Ear infections are a relatively common problem that can affect anyone. The term ear infection can refer to a problem in the outer ear or the middle ear. The drawing below demonstrates the anatomy of the ear. The outer ear and middle ear are separated by the eardrum, or tympanic membrane. Thus, an outer ear infection takes place in the skin lined cylinder of the ear canal. A middle ear infection occurs in the space behind the eardrum.
Outer Ear Infection (Otitis Externa)
Infections in the ear canal can be either bacterial or fungal, or sometimes both. These can be caused by moisture trapped in the ear, such as after swimming (thus an outer ear infection is sometimes called Swimmer’s Ear). Diabetes can also predispose patients to outer ear infections, particularly fungal infections. Other triggers include trauma to the ear canal from Q-tips or other objects, or moisture trapping from prolonged hearing aid use. However, it many cases, the infection occurs spontaneously. Symptoms can include pain, drainage, itching, and sometimes hearing loss. The pain can be reproduced by pulling on the ear, or by pushing on the small bump of tissue in front of the ear, called the tragus. The discharge is typically foul smelling. Fungal infections tend to be very itchy.
A mild case of otitis externa can sometimes be managed without any medication. One key is to keep the ear dry. You can use a cotton ball coated with Vaseline to keep water out of the ear when bathing. Avoid wearing a hearing aid in the ear until symptoms resolve. You can treat a mild ear infection with a 50/50 mixture of rubbing alcohol and white vinegar, using 4-5 drops in the ear 2-3 times daily until symptoms resolve. Don’t use this technique if there may be a hole in the ear drum as it will be painful. More significant infections will require visiting an otolaryngologist to clean the ear in the office and treat with appropriate medications.
If you are predisposed to Swimmer’s Ear, you can decrease the risk by using ear plugs during water activity. After water exposure, you can use the alcohol/vinegar mixture and/or dry the ears using a blow dryer on a low heat setting about one foot away from the ear to dry any moisture.
Middle Ear Infection (Otitis Media)
A middle ear infection is caused by bacteria that grows in fluid trapped behind the eardrum. The middle ear is an air-filled space behind the eardrum. Within this space, there are three small hearing bones which help to transfer soundwaves from the eardrum to the inner ear. More information on the mechanism of hearing can be found here. The small air pocket in the middle ear is connected to the back of the nose by a passageway called the eustachian tube. When you swallow or yawn and feel the ear “pop,” this is due to the eustachian tube opening and equalizing the pressure in the middle ear. If this system doesn’t work properly, abnormal pressure may develop in the middle ear causing fluid to collect. This will initially cause a feeling of stuffiness in the ear along with hearing loss. If bacteria grows in the fluid, a middle ear infection will develop. This will then cause pain in the ear. If too much swelling occurs in the middle ear with an infection, sometimes it will cause the eardrum to break allowing the drainage of the infected fluid into the ear canal. At this point, you make begin to notice a foul-smelling fluid draining from the ear. This process can be quite painful, though after the eardrum ruptures, it may alleviate the pain as the pressure is relieved.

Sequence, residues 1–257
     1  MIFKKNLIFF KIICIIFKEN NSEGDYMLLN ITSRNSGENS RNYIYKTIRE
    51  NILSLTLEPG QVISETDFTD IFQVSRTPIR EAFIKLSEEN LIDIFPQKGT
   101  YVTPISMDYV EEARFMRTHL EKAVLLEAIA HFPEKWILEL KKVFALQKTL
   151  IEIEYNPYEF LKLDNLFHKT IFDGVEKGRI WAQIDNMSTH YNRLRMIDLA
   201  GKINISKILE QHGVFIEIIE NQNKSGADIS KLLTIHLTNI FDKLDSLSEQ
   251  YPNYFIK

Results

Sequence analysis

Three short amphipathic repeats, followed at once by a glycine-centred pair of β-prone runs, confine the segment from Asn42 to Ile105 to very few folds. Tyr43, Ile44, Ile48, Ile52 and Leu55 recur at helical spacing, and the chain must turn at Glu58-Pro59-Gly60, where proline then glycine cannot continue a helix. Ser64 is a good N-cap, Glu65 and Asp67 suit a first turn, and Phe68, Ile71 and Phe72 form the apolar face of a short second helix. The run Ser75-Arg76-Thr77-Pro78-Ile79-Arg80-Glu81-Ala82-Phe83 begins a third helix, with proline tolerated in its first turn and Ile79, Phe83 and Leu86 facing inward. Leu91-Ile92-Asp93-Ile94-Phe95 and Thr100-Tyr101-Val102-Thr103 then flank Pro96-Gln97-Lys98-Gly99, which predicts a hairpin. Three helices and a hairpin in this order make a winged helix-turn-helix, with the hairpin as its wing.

Children can be predisposed to middle ear infections as their eustachian tubes sometimes don’t work well. If a child is suffering from recurrent ear infections, small tubes can be placed through the eardrums to equalize the middle ear pressure. Fortunately, children will often outgrow this problem with age. Abnormal pressure changes such as flying or scuba diving can cause trauma to the middle ear with subsequent accumulation of fluid and possible infection. Middle ear infections can also be the result of swelling in the nose which impairs the function of the eustachian tube opening. Common examples are nasal allergies, chronic sinusitis, and the common cold.
Some middle ear infections can resolve without antibiotics. Over the counter anti-inflammatories such as Ibuprofen can help with swelling and pain. Decongestants such as Sudafed or Afrin nasal spray will help to open the eustachian assisted by “popping” the ears by gently trying to blow out with the nose pinched and lips closed tightly. With more significant symptoms, antibiotics will be prescribed and possibly oral steroids. If otitis media is a recurrent issue, tubes can also be placed in the adult ear to prevent continued infections.
Tympanic membrane perforations and Cholesteatoma
After the eardrum ruptures, it is often able to spontaneously heal itself. However, if this does not occur, a patient may be left with a hole or perforation in the drum. This can cause persistent hearing loss and predispose the patient to middle ear infections. See here for more information on management of tympanic membrane perforations and surgery to repair them (called tympanoplasty).
Patients with chronic eustachian tubes problems can develop a particular condition called cholesteatoma. In this condition, the eardrum becomes retracted inward due to the chronic negative pressure and can develop a pocket where skin debris begins to accumulate. This can cause recurrent infections in the ear, along with hearing loss. See here for more information on cholesteatoma and surgery to address this condition.